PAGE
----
This holding plate needs four pieces of beading: one 16″ piece along the top, that the screen will rest on, one 3″ piece down each side, that you will use to secure the plate to the side panels, and one 3″ piece on the other side of the terminal strip, that will allow you to fix the terminal strip to the plate.

The lengths of these pieces are only sometimes important! The piece along the top needs to be exactly the same length as the holding plate, as it will be used to screw the side panels onto. Similarly the side pieces need to butt up exactly against the bottom and sides of the holding plate as they will also be used to screw it onto the bottom and side panels.

The photo shows the plate flipped over (and hence upside down) so you can see the front.

When positioning the terminal strip, remember to allow room for the cable to exit the case. In my case, that meant putting the strip right up against the top of the panel and securing the top 16″ piece of beading on by screwing through the end hole of the terminal strip (then through the MDF and into the beading).

Screw two of the shorter pieces down each side, make sure the ends are flush with the bottom of the plate.

It’s quite difficult to screw into the MDF, so I first drilled short guide holes through this layer and just into the wooden beading.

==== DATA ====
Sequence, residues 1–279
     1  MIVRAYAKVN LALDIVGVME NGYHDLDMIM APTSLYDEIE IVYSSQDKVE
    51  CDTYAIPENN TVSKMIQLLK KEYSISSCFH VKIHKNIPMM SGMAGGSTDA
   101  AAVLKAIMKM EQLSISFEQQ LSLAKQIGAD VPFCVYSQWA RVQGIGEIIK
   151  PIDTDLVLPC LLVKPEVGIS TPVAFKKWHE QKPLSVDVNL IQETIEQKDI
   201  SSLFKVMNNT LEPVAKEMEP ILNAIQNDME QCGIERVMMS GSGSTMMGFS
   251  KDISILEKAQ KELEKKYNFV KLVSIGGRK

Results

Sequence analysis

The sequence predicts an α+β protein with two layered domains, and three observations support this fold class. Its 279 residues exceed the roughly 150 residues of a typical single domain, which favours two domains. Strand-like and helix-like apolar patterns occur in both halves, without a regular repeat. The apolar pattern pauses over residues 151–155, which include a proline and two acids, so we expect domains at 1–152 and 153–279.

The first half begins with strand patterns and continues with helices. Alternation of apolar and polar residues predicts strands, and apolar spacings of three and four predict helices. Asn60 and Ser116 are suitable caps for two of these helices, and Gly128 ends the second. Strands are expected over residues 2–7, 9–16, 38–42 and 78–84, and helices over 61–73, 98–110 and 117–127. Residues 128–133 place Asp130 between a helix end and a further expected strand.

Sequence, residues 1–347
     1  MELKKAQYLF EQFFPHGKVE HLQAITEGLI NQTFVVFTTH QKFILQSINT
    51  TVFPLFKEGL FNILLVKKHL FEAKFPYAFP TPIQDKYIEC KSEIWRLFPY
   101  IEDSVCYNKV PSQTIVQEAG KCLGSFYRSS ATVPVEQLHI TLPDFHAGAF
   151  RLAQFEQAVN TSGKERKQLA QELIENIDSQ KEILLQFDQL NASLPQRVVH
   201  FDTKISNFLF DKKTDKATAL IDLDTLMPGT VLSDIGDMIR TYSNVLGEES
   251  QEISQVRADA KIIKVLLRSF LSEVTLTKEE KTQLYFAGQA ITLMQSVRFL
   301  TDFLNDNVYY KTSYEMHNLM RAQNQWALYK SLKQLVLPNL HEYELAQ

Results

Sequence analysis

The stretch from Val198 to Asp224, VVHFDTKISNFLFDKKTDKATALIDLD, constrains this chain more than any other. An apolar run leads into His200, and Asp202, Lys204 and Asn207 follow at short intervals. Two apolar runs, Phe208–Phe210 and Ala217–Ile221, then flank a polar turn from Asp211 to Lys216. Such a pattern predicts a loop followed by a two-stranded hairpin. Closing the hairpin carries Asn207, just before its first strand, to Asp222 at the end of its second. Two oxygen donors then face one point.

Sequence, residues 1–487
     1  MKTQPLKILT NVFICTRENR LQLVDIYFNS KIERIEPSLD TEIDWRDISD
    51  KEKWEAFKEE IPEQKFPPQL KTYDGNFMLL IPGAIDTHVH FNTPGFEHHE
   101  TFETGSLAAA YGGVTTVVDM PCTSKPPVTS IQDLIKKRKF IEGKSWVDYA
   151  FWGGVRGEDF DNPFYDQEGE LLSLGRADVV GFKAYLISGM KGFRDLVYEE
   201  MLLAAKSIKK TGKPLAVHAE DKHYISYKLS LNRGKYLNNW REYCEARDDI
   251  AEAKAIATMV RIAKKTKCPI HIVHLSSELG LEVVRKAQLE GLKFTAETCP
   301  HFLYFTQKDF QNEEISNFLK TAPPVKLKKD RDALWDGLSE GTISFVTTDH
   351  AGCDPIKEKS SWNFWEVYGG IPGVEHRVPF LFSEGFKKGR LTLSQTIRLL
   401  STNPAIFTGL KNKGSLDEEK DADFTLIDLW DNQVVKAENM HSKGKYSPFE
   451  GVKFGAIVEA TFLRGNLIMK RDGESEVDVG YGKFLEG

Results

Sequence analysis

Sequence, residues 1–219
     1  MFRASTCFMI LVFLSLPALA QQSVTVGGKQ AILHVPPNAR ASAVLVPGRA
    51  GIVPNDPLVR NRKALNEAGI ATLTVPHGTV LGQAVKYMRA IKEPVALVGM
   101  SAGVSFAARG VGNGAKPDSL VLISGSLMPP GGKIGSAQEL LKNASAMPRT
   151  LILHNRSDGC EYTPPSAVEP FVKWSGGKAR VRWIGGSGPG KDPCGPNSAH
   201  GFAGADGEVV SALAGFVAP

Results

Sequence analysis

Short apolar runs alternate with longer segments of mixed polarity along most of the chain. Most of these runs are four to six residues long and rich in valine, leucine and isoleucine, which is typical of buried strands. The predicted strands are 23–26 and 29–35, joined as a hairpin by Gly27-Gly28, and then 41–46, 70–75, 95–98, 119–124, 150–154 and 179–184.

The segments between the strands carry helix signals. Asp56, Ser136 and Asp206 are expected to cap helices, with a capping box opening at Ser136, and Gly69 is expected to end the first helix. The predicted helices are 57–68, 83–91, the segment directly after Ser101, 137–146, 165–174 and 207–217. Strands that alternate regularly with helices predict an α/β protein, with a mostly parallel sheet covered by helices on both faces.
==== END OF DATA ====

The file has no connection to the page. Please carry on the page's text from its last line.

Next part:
Screw the third short piece under the terminal strip, pinning the strip onto the MDF and beading

Using the cable clamps, pin down each of the cables to the MDF, making sure each nail goes through into a piece of beading for a secure fit. This will help stop the lamp flexes putting strain on the connections in the terminal strip. I found that these sprung out quite easily during this part of the project.

Secure the mains cable to the panel with a cable clamp. You can see in my picture that I would have benefitted by leaving a little more room for this clamp next to the terminal strip.

Cut the case

You will need to cut 6 more pieces of MDF or wood for the case, plus 1 piece of translucent plastic. Because the exact dimensions of the case may change sightly as you make it, it’s easier to have the plastic screen cut after you’ve made it, so you can measure it up exactly:

Bottom 16″ x 12 1/2″

Front 16″ x 4 1/8″

Back 16″ x 4 1/8″

Sides: 12 3/4″ x 4 1/4″

Top: 16 1/4″ x 4 1/2″

Plastic screen: dimensions TBC

These measurements assume you’re using 1/8″ thick material to make a box 16″ × 13″ × 4″. You will have to adjust these depending on how you want your pieces to fit together, i.e. whether you want the top to overlap the sides, or the front to overlap the top, etc.

In my arrangement: